By Diane Stafford
(MCT)—A decade ago, motivational speakers trumpeted to ballroom-sized crowds, “Don’t be afraid to fail!” CEOs told their employees to take risks: Be brave! That’s how progress happens.
We don’t hear that as much anymore. Mistakes are expensive. Failure kills careers.
A recent survey confirms the kibosh on risk-taking. According to AMA Enterprise, a division of American Management Association International, there is a strong fear of failure and risk aversion in the workplace.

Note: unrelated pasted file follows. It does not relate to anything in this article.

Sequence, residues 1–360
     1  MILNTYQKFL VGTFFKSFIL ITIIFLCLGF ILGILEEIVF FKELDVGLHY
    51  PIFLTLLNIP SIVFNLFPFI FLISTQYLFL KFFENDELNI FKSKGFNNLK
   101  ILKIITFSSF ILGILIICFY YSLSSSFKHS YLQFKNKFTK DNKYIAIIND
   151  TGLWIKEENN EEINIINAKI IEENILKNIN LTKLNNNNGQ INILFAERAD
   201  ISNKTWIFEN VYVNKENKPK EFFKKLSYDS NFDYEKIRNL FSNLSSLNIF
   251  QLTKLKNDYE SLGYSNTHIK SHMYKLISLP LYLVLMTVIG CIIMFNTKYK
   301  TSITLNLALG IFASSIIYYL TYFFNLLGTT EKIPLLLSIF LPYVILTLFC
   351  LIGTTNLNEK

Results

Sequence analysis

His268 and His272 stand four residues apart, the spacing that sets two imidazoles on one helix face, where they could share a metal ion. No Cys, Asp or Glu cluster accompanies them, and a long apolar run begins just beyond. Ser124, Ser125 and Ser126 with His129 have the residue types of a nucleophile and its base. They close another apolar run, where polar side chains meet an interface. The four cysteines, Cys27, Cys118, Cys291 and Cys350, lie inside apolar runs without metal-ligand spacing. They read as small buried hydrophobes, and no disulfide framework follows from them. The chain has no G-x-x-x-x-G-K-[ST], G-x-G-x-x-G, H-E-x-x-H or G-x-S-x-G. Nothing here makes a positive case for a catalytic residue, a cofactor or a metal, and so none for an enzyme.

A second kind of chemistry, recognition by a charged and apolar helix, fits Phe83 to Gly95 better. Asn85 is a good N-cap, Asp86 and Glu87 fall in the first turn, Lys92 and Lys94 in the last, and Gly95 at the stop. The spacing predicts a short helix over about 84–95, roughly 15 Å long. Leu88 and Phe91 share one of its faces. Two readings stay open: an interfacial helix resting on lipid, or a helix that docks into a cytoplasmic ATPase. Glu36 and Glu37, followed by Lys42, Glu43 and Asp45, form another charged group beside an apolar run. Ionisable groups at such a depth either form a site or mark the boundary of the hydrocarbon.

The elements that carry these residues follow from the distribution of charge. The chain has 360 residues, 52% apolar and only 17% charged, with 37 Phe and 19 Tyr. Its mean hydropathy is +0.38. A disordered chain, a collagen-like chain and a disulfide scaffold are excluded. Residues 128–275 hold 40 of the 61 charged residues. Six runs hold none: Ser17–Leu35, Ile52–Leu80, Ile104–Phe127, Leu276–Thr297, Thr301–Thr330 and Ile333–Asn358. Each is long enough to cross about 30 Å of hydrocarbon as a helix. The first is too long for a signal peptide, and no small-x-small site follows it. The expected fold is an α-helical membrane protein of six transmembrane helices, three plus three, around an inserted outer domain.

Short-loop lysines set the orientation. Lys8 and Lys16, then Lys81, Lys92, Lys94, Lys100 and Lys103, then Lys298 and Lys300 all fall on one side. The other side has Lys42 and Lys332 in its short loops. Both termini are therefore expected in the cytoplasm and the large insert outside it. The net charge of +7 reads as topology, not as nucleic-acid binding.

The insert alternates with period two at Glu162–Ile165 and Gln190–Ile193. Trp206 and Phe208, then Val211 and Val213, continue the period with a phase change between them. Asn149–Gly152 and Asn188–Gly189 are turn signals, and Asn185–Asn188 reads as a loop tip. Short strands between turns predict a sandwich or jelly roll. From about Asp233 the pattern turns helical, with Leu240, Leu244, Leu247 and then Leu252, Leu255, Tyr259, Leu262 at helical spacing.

And because people are afraid of being held accountable for mistakes, they’re also avoiding taking responsibility for their work. No one wants to be the scapegoat.
An AMA survey, which this year reached managers and employees in about 500 U.S. companies, found that fear of being held responsible for mistakes or failures was the single biggest obstacle to encouraging people to take greater responsibility.
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